Animal feed additives in the matrix

Animal Nutrition Views

Ioannis Mavromichalis, Ph.D., gives his views on poultry, pig and dairy nutrition based on his experience as a nutrition consultant with clients around the world.

Animal feed additives in the matrix

Some feed additive suppliers are working hard to get matrix values for their products

If you are "the One,” then you can thrive outside the matrix, but if you are like any other good animal feed additive in the world, chances are your days are few if you do not enter the matrix. No, not the movie, The Matrix, but the feed composition matrix that exists in every feed formulation system.

Consider for a moment the feed additive phytase. Is it an additive or an indispensable ingredient? The answer is simple. If the user forces this ingredient into the feed formula by applying a fixed inclusion rate, then it is an additive. If the feed formulation software picks up phytase because it provides phosphorus less expensively than phosphates, then it has become an indispensable ingredient. Today, phytase is used in most diets worldwide because it has entered the “matrix.” In other words, the phytase effect.

Is it an additive or an indispensable ingredient?

This is the dream of most modern feed additives; that is, to become like phytase, an additive that no longer needs the user’s hand to enter feed formulations. Is it simple and easy like in the case of phytase? Perhaps not, but it is not impossible, either. Some feed additive suppliers are working hard to get matrix values for their products; others are not aware of the impending danger. That danger being the return of antibiotics or something that will replace them with the same high efficacy and low cost. But how can this be done?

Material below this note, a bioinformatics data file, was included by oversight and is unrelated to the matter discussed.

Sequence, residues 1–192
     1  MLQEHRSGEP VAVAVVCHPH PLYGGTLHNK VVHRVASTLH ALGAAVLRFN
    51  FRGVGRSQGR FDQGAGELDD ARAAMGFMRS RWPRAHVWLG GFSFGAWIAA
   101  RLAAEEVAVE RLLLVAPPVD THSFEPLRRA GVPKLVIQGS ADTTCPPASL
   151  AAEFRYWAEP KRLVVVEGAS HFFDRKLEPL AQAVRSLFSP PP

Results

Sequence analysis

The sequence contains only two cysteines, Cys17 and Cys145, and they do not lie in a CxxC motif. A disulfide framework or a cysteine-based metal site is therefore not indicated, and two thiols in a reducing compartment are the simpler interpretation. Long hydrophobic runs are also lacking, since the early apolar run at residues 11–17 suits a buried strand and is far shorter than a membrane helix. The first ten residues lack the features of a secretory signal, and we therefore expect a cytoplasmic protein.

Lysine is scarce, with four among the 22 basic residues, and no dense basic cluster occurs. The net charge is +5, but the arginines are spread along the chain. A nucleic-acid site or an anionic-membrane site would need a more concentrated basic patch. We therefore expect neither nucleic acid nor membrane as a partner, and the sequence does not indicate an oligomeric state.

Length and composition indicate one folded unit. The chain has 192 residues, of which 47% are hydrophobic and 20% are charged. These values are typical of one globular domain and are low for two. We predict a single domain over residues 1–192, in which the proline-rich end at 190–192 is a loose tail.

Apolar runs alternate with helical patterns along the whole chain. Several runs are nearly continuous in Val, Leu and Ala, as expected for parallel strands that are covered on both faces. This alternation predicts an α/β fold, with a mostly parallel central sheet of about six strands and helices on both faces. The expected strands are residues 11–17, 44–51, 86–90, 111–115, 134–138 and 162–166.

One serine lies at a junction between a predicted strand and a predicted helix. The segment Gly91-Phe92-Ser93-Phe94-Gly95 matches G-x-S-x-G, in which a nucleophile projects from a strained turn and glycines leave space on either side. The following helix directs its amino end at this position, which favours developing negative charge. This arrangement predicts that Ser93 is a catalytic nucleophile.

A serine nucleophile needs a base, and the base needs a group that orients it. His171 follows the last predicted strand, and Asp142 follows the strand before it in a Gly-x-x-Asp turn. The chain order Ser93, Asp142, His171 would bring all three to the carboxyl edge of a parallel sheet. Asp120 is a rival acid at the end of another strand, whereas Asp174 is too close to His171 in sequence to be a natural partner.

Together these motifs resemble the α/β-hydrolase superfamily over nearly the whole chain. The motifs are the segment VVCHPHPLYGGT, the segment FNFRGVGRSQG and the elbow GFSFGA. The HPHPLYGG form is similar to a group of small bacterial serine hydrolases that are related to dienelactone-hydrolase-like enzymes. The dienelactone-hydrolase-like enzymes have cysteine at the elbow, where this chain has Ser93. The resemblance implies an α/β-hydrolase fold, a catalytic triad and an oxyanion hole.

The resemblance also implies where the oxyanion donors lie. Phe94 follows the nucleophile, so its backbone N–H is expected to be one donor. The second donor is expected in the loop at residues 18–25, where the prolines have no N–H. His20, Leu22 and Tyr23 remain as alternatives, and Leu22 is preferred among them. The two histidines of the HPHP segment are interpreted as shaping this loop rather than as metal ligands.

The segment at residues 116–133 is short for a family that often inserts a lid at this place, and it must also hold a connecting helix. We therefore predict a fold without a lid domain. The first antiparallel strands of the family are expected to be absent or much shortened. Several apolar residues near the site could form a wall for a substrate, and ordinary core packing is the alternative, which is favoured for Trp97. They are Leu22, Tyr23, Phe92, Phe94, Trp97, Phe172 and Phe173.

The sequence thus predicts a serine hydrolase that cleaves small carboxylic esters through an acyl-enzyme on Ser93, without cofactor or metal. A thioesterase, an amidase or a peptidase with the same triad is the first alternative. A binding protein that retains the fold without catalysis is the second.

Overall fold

A simple example is that of organic acids. Today, we add organic acids based on our education. Some nutritionists add more, others less. If we were to use a matrix value that would relate to the organic acid concentration in the feeds, then this process would become quantified instead of being a qualitative process. For example, we could use the rather undervalued Acid Binding Capacity index and ask the computer to meet a certain minimum using organic acids, if needed. Again, an oversimplification, as there are so many available organic acids, but it serves to illustrate the purpose.

So, even if your product is Neil of Matrix fame, it would not hurt to get it a place in the feed matrix, just in case Mr. Smith, the Matrix antibiotic, shows up again. Ah, and do watch the movie — it is highly recommended!